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London's restaurants are harking back to the 70s.

Hands up if you thought that Chicken kiev, Prawn cocktails, Cheese and pineapple sticks, Curried eggs and Arctic rolls were consigned to the history bin?

Not so fast. 70s food is firmly back in fashion and dishes such as Angel delight are staging a return, 40 something years on, as a new generation turns back the clock.

Coin Laundry, the 70s-inspired restaurant that opened to critical acclaim in late 2015, is a case in point. The Exmouth Market eatery pays homage to the 70s - often described as 'the decade that taste forgot' - with retro recipes including Cauliflower cheese steak, Black forest trifle, Soda stream cocktails and a Purple pickled egg with chipsticks to dip in it, dominating the menu.

The restaurant’s dedication to the 70s extends to the decor: wooden floors and tiling, comfortable couches, and simple homely designs  - all trends of the 70s - are combined with playful touches such as kitsch tableware and a vintage pinball machine to finish the look.

Credit: Coin Laundry

Meanwhile in Mayfair, Sketch is serving its sweets on an old school hostess trolley - the sort you probably thought went out of fashion with flares and dodgy perms.

What’s more, it’s not the only trolley in town. On your next foray to Fortnum and Mason, check out the store’s newest tenant, 45 Jermyn St, and more specifically, their caviar trolley - an elegant vehicle serving three types of fancy fish eggs.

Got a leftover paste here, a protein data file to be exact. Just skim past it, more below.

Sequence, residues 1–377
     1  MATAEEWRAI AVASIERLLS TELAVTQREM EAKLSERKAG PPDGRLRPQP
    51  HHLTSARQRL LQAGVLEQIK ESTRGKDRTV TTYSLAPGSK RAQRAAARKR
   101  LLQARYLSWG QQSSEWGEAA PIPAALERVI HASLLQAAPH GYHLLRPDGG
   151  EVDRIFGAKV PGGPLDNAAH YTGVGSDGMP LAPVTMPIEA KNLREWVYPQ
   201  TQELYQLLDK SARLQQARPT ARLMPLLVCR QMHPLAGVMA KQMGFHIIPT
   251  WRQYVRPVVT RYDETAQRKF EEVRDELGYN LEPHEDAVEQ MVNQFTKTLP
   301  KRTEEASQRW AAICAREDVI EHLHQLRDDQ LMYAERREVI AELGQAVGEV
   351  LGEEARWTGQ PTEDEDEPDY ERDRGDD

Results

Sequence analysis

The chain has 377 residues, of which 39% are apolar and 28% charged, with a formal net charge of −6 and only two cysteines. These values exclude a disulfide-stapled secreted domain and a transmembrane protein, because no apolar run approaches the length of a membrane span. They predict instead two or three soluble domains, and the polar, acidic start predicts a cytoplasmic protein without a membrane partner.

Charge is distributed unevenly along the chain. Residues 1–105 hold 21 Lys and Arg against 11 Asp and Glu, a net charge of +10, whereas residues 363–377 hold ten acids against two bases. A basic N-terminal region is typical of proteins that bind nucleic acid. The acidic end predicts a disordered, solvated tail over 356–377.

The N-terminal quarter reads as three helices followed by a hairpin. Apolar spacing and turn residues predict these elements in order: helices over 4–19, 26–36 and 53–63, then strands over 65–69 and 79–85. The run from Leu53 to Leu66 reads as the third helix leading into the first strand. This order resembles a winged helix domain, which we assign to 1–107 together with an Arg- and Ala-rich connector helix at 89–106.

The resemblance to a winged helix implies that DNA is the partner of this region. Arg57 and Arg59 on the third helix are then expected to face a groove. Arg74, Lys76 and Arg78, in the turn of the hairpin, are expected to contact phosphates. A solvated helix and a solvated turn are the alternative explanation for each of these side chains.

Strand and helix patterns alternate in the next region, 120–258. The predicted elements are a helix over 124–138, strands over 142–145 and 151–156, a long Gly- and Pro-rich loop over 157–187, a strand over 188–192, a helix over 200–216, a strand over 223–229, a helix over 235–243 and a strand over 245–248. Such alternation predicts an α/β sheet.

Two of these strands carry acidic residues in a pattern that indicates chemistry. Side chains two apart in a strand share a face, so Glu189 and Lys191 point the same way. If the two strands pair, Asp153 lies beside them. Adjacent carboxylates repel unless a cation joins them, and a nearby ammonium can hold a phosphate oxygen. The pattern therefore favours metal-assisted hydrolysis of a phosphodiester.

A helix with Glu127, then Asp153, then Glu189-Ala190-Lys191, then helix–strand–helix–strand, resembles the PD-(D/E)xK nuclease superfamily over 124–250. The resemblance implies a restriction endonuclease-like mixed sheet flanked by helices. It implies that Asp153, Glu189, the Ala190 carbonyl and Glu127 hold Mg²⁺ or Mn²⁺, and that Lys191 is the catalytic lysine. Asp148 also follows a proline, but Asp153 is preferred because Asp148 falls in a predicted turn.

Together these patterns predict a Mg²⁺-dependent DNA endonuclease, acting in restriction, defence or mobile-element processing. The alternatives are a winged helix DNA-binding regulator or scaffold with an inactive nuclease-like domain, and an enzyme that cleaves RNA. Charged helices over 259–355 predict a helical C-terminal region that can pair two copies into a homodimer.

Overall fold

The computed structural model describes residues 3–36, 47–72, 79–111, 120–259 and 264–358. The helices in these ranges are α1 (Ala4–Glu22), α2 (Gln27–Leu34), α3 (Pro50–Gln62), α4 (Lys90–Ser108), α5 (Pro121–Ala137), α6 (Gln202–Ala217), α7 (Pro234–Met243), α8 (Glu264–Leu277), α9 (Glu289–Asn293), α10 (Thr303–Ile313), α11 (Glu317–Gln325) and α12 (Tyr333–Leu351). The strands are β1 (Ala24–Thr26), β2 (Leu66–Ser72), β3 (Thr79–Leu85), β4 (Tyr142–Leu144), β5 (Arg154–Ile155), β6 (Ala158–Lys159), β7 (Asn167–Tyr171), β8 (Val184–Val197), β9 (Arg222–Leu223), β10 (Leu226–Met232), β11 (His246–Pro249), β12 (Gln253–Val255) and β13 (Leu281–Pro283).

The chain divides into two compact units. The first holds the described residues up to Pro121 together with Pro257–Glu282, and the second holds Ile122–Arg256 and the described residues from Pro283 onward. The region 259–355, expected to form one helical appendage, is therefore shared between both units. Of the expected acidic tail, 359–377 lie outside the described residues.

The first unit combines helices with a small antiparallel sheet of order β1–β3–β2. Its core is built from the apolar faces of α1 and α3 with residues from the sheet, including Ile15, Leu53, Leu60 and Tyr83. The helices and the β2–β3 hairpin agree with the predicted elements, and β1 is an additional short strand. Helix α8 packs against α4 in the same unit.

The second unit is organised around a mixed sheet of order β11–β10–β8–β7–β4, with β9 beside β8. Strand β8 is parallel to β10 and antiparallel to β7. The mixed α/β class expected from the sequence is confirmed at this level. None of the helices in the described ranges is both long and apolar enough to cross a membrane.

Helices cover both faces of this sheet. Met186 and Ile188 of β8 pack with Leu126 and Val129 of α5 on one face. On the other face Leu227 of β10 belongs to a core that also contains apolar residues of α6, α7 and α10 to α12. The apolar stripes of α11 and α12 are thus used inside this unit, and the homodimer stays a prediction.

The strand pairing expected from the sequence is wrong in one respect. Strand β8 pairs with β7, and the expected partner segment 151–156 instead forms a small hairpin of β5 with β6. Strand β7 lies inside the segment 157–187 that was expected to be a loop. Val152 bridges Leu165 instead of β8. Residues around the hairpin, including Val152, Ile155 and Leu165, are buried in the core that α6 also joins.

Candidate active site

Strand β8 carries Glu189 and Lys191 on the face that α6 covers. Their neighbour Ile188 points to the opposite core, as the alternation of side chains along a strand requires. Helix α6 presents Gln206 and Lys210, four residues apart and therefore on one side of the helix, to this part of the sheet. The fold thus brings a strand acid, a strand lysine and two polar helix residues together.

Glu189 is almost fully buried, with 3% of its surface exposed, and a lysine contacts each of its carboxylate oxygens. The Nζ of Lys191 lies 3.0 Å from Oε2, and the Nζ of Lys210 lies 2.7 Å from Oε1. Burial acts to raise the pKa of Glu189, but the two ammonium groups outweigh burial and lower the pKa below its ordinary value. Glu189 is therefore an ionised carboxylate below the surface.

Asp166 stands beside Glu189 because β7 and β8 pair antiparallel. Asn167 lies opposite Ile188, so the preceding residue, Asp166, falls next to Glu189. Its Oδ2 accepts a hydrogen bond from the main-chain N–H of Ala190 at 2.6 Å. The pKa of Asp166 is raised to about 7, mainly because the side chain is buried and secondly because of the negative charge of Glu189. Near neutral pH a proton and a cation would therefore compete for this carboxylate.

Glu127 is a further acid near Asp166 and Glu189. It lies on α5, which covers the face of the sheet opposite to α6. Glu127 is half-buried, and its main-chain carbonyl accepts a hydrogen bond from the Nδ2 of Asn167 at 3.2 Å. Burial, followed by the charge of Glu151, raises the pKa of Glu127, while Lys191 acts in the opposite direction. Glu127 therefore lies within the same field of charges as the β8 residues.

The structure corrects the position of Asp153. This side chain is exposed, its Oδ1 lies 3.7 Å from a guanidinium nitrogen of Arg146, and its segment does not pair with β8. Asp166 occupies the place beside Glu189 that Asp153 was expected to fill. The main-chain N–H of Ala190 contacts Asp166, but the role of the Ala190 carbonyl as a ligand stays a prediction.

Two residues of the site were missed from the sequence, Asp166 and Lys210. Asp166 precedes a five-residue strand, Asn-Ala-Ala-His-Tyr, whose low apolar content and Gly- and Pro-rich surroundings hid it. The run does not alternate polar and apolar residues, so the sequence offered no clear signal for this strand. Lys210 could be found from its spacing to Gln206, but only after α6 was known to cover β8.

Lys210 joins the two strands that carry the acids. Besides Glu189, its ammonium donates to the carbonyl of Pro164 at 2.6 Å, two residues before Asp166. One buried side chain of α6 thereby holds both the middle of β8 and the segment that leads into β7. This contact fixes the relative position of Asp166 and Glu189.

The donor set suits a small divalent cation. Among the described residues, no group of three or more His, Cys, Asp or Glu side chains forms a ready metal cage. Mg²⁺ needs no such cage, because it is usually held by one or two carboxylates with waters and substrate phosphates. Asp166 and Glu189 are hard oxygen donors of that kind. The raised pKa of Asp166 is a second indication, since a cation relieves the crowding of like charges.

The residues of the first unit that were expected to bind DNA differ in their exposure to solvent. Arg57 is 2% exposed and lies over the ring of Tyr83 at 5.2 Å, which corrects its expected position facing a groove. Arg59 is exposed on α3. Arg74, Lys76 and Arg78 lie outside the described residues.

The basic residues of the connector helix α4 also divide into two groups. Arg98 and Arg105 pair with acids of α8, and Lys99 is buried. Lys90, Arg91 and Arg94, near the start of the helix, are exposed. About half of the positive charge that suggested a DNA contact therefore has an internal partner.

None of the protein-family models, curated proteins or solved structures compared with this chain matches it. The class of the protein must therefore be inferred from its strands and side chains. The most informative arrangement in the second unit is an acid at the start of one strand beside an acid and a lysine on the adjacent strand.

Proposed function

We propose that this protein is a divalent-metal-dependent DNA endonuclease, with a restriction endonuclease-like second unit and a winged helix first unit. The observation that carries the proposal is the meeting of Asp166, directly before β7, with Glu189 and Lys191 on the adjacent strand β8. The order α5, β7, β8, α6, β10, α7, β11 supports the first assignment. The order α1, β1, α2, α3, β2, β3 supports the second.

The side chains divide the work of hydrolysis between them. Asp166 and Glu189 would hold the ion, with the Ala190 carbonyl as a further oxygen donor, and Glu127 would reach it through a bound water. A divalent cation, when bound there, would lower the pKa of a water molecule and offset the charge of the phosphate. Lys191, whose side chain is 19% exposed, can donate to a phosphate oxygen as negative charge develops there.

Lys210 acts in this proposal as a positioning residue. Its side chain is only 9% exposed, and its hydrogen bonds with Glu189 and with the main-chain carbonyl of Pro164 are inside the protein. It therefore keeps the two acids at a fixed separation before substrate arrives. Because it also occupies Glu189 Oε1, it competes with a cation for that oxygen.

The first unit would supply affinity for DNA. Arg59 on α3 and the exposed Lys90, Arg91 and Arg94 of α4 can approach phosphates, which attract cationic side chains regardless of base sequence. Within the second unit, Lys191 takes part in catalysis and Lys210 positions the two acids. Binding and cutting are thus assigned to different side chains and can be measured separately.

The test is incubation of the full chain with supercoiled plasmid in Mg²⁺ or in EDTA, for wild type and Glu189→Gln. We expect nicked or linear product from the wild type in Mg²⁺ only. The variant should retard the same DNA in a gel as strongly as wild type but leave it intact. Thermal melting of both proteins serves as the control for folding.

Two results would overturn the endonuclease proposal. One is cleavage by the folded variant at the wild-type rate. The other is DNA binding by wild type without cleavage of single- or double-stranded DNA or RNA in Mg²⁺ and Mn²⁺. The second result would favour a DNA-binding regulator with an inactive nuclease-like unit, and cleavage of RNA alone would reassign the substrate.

Elsewhere The Savoy Grill has unveiled a new Art deco style trolley creaking with cocktails for those looking to get, erm, trollied.

Credit: Kaye Holland

London’s hottest restaurants aren’t the only ones giving the 70s a serious thumbs up - the nation's supermarkets are also getting in on the act. Trawl the aisles on Marks and Spencers, Morrisons et al and you’ll find shelves straining with 70s spreads like Lemon meringue pie, Vol au vents, boiled sweets and After Eight mints. Clearly we’re all pining for 70s inspired dishes, the question is: why?

It’s partly because the 70s food revival coincides with the comeback of boho fashion - aka an easy 70s style approach to dressing - that can be attributed to the success of recent TV shows such as The Sweeney, the final season of Mad Men or Hollywood hit, American Hustle. Meanwhile Spandeau Ballet - an English new wave band formed in London in the late 1970s - recently embarked on a new tour.

You could also argue that it’s down to nostalgia. In the turmoil of today’s world, (think global warming, terrorist threats, an assortment of wars and the general post Christmas malaise) we’re all desperately looking for comfort and finding it in fondly remembered simple pleasures  - step forward Shepherd’s pie, pink gloop (Angel Delight),Wagon Wheels (remember them?)  and fish fingers - from a simpler time. To bite into Baked Alaska is to instantly project yourself back into your childhood, an age of innocence when someone else  assumed all the responsibility.

Credit: Coin Laundry

It’s a stance shared by Prudence Randall, training manager at Coin Laundry, who believes “the resurgence of retro comfort food is amazing and points to the fact that people are tired of eating pretentious or overly designed food - people are looking back and remembering what used to be good."  

Will this retro wave eventually leave us all with a bad taste in our mouths? Time will tell but, given that most of Blighty is suffering from a severe case of the January blues now that that the parties have stopped and we’re all back to work, we can’t see this seventies obsession fading anytime soon...



The rise (and rise) of retro food
Digital Mag

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